Rubenstein Explores Medieval Relevance to Modern Conflict
Posted: April 10, 2003 at 1:00 am, Last Updated: November 30, -0001 at 12:00 am
By Fran Rensbarger
In today’s Institute for Conflict Analysis and Resolution (ICAR) brown bag lecture at noon, Richard Rubenstein gives a glimpse into his new book, Aristotle’s Children: How the Recovery of Ancient Knowledge Transformed Christianity and Ushered in the Modern World. In his lecture, “Reconcile Faith and Reason: The Relevance of Medieval Aristotelianism for the Study of Religious Conflict,” Rubenstein tells the story of the struggle between faith and reason in the Middle Ages, and how this centuries-old clash is relevant to the analysis of resolution of religious conflict.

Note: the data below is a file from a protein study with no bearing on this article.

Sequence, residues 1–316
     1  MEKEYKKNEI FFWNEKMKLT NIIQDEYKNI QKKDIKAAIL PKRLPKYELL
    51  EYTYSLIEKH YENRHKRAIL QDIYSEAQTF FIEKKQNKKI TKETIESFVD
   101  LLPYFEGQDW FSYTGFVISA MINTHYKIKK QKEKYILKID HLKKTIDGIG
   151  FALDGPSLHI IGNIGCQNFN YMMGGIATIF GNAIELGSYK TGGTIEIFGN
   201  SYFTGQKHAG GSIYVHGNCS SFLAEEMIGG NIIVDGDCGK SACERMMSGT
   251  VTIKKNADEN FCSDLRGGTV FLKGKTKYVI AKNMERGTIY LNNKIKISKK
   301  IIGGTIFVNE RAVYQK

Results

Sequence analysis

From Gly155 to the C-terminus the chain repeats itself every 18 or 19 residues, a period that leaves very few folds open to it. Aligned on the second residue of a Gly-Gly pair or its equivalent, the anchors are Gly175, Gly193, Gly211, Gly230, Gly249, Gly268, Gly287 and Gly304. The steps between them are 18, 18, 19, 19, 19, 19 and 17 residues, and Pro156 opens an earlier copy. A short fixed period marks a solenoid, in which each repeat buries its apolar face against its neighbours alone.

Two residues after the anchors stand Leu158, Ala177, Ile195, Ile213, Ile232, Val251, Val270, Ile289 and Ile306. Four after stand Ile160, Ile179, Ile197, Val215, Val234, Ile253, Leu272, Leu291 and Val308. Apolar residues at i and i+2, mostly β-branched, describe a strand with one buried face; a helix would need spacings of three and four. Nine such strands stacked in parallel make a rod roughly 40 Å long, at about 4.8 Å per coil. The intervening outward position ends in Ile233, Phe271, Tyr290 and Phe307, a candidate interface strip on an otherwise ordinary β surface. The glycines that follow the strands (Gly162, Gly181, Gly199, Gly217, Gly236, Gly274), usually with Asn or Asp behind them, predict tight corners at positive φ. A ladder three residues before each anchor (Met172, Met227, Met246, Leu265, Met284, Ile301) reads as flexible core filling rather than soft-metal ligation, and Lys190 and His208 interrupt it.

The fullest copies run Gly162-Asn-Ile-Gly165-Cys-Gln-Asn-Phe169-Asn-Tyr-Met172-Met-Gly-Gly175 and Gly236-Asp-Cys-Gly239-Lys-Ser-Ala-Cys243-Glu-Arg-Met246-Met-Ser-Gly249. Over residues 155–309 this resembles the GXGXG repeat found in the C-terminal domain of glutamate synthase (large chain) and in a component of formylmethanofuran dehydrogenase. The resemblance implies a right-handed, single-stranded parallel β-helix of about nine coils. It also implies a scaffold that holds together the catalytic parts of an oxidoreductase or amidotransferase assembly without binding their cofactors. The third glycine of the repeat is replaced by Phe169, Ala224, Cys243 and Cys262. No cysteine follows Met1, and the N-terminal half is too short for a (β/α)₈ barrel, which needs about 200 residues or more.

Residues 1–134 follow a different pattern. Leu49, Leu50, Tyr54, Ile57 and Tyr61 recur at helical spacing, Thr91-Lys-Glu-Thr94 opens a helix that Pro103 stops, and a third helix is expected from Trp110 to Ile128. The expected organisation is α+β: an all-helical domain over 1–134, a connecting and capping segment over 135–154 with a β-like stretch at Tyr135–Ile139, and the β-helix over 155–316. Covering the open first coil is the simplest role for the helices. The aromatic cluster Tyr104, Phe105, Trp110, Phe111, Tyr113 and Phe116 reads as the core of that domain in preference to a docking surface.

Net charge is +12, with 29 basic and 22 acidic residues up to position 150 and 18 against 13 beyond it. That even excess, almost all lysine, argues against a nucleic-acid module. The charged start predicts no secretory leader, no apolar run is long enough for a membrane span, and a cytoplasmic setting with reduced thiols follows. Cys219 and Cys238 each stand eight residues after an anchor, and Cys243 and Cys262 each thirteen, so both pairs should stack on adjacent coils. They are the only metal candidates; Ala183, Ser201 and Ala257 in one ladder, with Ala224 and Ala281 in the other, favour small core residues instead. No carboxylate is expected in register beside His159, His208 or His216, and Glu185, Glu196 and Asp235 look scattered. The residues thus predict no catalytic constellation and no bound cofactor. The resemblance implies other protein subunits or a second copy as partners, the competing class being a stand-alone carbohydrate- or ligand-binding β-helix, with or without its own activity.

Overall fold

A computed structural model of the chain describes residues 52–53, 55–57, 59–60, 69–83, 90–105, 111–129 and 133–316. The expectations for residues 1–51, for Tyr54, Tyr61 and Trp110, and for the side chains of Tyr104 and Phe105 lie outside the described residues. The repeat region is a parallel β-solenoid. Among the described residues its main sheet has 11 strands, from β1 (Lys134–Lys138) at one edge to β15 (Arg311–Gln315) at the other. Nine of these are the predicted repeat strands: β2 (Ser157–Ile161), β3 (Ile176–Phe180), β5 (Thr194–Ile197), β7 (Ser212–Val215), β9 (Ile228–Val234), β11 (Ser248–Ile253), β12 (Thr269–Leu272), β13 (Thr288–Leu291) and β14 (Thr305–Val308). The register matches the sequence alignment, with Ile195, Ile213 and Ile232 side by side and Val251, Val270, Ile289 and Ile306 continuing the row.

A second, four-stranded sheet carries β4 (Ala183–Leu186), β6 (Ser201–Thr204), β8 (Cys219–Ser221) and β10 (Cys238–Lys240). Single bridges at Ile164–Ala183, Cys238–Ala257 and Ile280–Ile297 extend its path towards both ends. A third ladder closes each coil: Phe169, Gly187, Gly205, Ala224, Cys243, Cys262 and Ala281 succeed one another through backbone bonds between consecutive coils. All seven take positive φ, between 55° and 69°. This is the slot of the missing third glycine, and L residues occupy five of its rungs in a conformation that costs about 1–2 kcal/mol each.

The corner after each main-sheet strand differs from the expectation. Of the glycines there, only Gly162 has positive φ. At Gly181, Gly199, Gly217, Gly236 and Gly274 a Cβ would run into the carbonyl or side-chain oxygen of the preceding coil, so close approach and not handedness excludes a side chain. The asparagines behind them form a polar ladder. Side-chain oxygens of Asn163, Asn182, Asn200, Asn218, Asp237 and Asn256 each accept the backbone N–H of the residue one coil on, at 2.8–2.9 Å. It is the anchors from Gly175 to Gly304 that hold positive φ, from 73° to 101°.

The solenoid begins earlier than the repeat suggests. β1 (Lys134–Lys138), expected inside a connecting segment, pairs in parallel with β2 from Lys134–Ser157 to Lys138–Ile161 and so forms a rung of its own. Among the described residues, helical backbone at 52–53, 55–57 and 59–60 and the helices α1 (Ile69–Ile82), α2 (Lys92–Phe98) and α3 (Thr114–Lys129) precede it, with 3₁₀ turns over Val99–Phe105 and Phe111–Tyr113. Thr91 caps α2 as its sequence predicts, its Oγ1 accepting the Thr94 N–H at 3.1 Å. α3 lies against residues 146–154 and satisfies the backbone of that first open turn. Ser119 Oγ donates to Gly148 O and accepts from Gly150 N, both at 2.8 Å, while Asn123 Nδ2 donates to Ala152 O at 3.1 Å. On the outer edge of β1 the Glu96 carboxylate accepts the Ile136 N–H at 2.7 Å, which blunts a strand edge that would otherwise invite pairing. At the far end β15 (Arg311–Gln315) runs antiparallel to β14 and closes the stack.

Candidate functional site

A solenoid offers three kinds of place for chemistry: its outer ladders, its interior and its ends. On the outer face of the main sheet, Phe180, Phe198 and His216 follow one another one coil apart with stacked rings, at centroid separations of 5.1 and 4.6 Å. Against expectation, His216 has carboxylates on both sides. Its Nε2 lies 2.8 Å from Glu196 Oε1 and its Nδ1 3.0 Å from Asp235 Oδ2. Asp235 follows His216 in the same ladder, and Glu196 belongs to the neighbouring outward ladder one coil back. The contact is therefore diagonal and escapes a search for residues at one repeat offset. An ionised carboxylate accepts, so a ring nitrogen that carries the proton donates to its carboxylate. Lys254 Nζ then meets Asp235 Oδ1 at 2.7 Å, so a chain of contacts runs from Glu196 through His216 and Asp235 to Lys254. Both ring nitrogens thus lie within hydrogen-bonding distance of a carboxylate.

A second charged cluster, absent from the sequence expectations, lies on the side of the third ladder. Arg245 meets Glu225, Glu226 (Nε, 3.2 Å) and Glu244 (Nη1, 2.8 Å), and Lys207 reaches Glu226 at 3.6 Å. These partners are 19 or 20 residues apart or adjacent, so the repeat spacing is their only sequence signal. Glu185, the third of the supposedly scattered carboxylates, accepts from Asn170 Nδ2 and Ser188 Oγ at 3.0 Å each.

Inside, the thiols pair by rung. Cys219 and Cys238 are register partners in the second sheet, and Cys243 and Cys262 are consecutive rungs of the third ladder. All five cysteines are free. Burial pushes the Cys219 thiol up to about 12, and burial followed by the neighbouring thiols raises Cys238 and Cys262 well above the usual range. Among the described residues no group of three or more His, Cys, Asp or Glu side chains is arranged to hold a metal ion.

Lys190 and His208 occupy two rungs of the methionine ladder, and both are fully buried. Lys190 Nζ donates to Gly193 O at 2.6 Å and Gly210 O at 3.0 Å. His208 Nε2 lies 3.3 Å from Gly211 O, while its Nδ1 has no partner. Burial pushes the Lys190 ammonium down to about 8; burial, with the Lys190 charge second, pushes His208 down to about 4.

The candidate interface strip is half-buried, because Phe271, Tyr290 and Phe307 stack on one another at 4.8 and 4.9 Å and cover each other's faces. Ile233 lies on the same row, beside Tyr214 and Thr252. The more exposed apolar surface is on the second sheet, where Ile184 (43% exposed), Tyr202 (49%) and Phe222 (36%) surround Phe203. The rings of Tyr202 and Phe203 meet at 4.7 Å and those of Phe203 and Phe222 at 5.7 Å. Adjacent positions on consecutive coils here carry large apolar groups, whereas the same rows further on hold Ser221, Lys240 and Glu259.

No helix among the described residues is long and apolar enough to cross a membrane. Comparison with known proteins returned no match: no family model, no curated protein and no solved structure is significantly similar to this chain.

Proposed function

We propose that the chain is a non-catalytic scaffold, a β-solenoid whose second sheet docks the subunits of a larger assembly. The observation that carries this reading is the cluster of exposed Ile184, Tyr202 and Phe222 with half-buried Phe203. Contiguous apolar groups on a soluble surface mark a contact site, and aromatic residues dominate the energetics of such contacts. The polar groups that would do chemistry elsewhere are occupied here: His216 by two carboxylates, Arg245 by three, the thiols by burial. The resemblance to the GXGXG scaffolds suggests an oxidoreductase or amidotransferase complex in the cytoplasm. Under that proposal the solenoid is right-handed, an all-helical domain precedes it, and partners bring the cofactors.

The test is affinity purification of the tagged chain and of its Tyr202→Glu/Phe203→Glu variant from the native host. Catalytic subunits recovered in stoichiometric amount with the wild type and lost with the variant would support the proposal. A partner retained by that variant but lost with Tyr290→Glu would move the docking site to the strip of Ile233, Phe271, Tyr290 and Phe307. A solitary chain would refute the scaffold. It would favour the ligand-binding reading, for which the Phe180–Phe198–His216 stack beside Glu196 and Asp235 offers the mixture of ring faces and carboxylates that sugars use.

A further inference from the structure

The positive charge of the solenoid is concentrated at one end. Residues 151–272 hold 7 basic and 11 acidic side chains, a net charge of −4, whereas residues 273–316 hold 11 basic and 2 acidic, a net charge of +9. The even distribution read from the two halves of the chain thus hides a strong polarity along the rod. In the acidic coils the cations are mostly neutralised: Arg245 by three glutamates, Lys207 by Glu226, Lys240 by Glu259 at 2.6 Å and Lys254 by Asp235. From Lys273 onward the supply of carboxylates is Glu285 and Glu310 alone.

Rubenstein is a professor of conflict resolution and public affairs at ICAR and author of numerous works that analyze the connection between religion and terrorism. He earned his B.A. and J.D. from Harvard University and his M.A. from Oxford University. He is former associate director of the Adlai Stevenson Institute of International Affairs in Chicago.
The discussion is part of ICAR’s series of informal lectures on research and practice of conflict resolution, and is held in the ICAR Main Conference Room, A401, located at 4260 Chain Bridge Road in Fairfax.